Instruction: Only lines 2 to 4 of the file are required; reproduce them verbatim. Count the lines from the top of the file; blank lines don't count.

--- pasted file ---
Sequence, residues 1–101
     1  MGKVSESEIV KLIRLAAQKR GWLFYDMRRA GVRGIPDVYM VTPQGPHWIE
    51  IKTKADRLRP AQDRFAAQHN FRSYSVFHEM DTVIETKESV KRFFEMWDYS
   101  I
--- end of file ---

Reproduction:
     1  MGKVSESEIV KLIRLAAQKR GWLFYDMRRA GVRGIPDVYM VTPQGPHWIE
    51  IKTKADRLRP AQDRFAAQHN FRSYSVFHEM DTVIETKESV KRFFEMWDYS
   101  I